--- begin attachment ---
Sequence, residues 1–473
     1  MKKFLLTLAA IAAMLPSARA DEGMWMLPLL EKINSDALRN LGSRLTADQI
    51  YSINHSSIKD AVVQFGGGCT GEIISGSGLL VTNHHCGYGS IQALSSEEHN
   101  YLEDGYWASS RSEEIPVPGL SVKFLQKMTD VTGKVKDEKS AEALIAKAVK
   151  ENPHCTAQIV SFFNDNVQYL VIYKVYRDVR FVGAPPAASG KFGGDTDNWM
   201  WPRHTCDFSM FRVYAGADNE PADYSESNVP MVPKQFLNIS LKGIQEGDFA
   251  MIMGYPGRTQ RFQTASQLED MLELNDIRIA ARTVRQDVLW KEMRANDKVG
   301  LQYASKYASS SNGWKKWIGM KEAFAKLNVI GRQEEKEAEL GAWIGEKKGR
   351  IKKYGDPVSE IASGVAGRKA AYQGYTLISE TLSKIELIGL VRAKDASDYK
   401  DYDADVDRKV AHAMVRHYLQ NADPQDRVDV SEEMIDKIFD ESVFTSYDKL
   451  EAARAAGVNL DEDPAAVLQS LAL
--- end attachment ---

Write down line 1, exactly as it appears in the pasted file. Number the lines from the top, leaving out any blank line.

Sequence, residues 1–473